Why Dietary Fat is Good For You
There's been a trend in nutrition over the last several years that has placed emphasis back on including fats in the diet, the opposite of recommendations of the 80's and 90's that toted a low fat diet for weight loss and health. The Keto Diet has also been surging lately, toting its healing properties and weight loss tricks.
While fats are not the primary fuel source (although they can be...), they are a "backup" of sorts. When your body is out of carbohydrates to use for energy, it turns to burning stored fat(s).
Fats work a little differently in our bodies than the other macronutrients (carbs and protein). Fats are essential for many of the bodies natural processes and without them, our bodies malfunction.
Generally, we want to stick to monosaturated, polyunsaturated, essential fatty acids and some saturated fats while avoiding trans fat.
Why Do You Need Fat?
Fats are essential for regulating hormone production: Without healthy fats, your hormones may go haywire. Not consuming enough dietary fat can play a substantial role in amenorrhea, or the absence a menstrual cycle for women. Men aren't safe either: they may see lower testerone. "The majority of saturated fats are less desirable because they promote inflammation." However, she says, "We need some saturated fat in our diet. The body's production of steroid hormones, including sex hormones like estrogen and testosterone, requires saturated fat," said Dr. Christine Gerbstadt, MD, in an article for Self Magazine.
Fats can also help your metabolism. Dietary fats assist in the regulation of thyroid hormones which are significant for many things, metabolism being one of them. An underperforming thyroid will lead to a slower metabolism, and generally weight gain, sluggishness, fatigue, becoming extra temperature sensitive and other things. Fats can also help to reduce insulin resistance or at least, help it by not spiking your blood sugar in the same way carbs do. In a study done in 2016, " [researchers] stated their findings suggest that “consuming more unsaturated fats in place of either carbohydrates or saturated fats will help improve blood glucose control. Sole emphasis on lowering consumption of carbohydrates or saturated fats would not be optimal" (Endocrinology Network). Research has also shown that timing of fats and not necessarily the amounts can also help to improve metabolism.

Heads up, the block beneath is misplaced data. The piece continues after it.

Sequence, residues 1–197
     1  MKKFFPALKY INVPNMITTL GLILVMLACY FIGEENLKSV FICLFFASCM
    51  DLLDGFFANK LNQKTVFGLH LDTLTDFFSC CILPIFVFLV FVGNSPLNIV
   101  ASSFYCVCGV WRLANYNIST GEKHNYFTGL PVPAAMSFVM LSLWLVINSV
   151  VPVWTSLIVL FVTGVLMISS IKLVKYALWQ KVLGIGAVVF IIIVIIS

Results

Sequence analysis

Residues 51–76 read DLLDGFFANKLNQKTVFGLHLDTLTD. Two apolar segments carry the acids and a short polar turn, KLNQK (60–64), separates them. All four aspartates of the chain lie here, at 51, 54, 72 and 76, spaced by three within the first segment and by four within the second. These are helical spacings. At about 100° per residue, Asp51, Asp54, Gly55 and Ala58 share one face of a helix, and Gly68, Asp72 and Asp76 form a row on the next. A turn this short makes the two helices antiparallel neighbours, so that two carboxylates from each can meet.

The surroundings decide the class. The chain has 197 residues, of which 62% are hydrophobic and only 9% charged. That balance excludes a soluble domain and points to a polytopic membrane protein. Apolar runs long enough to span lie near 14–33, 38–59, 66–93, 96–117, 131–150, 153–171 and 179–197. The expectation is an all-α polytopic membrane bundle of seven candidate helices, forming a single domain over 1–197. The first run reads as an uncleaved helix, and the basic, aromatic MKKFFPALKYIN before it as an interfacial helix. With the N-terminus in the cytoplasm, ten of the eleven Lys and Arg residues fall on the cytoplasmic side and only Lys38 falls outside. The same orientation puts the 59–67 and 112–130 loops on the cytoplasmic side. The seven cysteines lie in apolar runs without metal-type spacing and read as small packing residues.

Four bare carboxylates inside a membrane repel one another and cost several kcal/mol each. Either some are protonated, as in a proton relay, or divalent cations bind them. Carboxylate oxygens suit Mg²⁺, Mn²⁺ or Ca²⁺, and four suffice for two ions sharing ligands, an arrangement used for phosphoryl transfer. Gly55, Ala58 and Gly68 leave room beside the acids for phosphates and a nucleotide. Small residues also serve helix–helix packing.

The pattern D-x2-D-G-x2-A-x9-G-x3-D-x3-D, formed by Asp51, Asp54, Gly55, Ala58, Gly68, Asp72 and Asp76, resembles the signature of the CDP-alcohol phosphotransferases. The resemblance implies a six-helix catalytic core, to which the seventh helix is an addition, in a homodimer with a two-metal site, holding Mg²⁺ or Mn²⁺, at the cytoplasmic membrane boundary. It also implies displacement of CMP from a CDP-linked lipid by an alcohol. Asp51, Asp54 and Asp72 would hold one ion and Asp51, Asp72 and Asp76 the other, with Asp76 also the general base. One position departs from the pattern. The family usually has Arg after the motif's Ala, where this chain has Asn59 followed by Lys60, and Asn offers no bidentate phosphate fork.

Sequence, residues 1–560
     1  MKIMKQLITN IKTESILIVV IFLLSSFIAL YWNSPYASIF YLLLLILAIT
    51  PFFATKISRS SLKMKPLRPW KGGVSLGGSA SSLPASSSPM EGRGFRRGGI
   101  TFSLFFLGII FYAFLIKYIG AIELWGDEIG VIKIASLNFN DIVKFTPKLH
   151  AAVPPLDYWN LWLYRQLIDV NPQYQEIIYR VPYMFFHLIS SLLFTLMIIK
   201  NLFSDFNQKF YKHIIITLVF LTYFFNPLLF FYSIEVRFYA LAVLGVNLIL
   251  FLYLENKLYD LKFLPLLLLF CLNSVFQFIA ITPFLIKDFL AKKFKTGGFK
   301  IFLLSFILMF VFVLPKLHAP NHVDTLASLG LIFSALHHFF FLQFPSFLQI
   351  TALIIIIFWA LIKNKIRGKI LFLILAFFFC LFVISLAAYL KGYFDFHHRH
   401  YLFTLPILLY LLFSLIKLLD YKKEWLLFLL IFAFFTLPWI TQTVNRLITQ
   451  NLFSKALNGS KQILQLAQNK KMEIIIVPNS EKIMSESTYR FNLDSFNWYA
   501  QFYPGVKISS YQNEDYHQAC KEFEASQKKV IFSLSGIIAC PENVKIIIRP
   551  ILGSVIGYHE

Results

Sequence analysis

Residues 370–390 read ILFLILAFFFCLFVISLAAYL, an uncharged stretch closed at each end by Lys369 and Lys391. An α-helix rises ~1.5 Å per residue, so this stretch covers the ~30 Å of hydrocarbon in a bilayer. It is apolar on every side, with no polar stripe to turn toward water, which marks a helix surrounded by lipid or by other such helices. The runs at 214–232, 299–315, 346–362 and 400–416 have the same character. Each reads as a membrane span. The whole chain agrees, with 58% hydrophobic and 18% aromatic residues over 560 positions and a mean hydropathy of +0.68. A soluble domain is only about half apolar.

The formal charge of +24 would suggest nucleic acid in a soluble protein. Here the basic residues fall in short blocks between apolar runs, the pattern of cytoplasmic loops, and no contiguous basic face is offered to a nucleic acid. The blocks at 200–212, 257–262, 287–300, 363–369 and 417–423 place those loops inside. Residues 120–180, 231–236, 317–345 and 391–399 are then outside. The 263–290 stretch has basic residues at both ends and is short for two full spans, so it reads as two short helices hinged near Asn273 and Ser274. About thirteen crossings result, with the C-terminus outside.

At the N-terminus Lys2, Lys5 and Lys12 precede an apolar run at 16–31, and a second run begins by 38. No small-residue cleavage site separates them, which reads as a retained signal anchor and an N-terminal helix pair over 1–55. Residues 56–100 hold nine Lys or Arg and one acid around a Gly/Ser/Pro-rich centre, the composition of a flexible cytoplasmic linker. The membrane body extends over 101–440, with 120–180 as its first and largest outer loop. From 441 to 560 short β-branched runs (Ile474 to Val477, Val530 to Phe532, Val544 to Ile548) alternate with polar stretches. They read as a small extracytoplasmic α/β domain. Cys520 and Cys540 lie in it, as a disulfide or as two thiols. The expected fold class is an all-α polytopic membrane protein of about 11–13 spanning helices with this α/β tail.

They will make you less hungry. Ever wonder why an actual serving of nuts is very small? Fats are a bit "denser" at 9 calories per gram, compared to 4 which is also why they are very satiating. You'll notice that when you eat a lot of foods rich in fat, such as nuts or full fat dairy, you feel fuller for longer than if you ate the non-fat counterpart. As mentioned earlier, fats also don't cause the same blood sugar response as carbohydrates. By not consistently spiking the blood sugar, you'll notice less hunger swings and #hangry moments. Eating a diet that has enough fat will assist in reducing overeating by making you feel like you actually ate something.
They'll make your brain less foggy. Having trouble recalling information? Feel like your head is just not right but can't put a finger on it? "Neurological abnormalities such as problems concentrating, remembering or an overall lack of mental energy could be caused by an essential fatty acid deficiency," says Dr. Gerbstadt (SELF). While brain function may also be hindered by factors such as inflammation or other issues, inclusion of more healthy essential fatty acids may help to reduce the symptoms by decreasing that inflammation or reducing inflammatory foods.
What Fats Should You Eat?
Salmon and other fish, sardines, egg yolks, avocado, avocado oil, coconut, olives, nuts (walnuts, almonds, cashews, brazil nuts, macademia..etc.), full fat dairy including cheese in moderation, chia seeds
Fats to Watch